The COVID-19 pandemic has had a drastic effect on the health of both adults and adolescents. While the effect of the pandemic on the physical health of the youth has been lower in comparison with adults, adolescents’ psychological health remains a matter of concern (Tardif-Grenier et al., 2021). While there are several reasons adolescents may experience more severe psychological symptoms during confinement compared to adults, the literature review provided by Tardif-Grenier et al. (2021) focuses on two matters. First, people are more susceptible to deprivation from socialization during their adolescent years.
During this period of life, people are characterized by developing increased autonomy from parents, identity exploration, and the start of romantic relationships. Confinement limits the ability of adolescents to meet their socialization needs during the pandemic. Moreover, lock-down increased the number of stressful situations, and the youth was unable to benefit from the support of their peers to cope with these situations. Thus, lack of the ability to socialize is one of the central reasons for adolescents’ increased susceptibility to psychological distress.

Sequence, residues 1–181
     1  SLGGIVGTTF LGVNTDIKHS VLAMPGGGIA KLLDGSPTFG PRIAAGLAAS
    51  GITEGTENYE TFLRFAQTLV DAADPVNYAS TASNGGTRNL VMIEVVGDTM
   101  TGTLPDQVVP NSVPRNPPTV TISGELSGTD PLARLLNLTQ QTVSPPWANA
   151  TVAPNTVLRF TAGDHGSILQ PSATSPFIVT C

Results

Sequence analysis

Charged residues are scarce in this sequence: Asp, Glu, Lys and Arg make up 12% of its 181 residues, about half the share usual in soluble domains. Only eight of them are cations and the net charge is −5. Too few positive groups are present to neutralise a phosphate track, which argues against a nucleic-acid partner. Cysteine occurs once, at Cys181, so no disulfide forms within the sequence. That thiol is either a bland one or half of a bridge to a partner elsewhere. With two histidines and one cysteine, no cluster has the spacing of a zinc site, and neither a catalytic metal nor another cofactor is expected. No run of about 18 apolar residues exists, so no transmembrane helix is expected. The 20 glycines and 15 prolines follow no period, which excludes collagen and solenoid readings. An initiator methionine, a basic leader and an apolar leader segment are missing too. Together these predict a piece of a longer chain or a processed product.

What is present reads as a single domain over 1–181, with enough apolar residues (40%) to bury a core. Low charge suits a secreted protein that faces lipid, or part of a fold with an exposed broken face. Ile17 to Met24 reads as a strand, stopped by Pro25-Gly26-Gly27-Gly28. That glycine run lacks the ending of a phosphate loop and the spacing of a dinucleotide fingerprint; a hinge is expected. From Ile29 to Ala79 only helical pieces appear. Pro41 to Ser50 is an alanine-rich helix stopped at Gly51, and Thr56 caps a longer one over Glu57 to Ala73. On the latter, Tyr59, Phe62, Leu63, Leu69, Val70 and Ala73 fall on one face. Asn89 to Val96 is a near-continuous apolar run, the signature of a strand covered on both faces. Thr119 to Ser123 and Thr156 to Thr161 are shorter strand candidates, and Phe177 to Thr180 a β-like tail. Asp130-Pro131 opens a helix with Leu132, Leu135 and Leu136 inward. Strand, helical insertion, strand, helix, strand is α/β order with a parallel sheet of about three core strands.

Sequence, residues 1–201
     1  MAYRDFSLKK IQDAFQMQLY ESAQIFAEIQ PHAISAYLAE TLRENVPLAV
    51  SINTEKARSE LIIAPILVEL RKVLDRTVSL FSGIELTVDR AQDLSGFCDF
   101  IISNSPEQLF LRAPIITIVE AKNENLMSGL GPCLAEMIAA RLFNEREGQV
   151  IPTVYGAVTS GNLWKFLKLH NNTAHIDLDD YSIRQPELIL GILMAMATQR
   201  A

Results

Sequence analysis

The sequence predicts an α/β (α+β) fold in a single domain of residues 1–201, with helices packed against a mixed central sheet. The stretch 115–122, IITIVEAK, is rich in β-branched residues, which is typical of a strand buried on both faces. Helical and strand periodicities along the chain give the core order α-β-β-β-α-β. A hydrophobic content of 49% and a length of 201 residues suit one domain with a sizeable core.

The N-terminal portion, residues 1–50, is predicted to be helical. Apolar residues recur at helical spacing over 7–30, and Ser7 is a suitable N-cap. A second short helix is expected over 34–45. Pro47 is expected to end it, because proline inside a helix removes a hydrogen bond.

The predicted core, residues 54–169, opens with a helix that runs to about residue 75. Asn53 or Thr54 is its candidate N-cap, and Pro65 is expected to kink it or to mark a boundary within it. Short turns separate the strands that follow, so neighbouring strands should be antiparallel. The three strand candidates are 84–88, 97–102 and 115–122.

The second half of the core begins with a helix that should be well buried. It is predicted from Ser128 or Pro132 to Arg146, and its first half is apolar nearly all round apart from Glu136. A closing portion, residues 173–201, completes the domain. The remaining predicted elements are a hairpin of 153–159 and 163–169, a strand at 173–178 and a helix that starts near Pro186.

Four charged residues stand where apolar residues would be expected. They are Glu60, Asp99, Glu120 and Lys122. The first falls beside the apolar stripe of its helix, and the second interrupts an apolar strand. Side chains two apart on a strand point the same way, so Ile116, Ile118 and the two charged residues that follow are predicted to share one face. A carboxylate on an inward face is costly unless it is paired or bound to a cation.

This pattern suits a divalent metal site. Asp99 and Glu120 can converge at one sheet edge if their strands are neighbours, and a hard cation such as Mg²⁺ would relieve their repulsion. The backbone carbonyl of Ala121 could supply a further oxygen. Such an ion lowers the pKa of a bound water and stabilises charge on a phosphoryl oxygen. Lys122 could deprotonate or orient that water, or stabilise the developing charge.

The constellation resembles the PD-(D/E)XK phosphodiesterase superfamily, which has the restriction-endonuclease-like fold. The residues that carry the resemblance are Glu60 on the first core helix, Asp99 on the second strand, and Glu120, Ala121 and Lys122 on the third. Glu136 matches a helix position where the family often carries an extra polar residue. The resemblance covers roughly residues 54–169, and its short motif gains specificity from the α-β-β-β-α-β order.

The second factor that affects adolescents’ psychological health is the lack of access to the resources of school during the pandemic. The school environment reduces the disparities in education and health during normal times (Tardif-Grenier et al., 2021).
During the pandemic, students may experience problems with studying due to the lack of space at home to provide a favorable environment. Additionally, schools helped to ensure adolescents’ adequate screen time, sleep duration, and physical activity. Without additional control and support from teachers, adolescents experience increased pressure, which can no longer be relieved using normal patterns. In summary, deprivation from socialization and lack of support from the school environment make adolescents more susceptible to psychological distress than adults.
Tardif-Grenier, K., Archambault, I., Dupéré, V., Marks, A. K., & Olivier, E. (2021). Canadian adolescents’ internalized symptoms in pandemic times: Association with sociodemographic characteristics, confinement habits, and support. Psychiatric Quarterly, 92, 1309-1325. Web.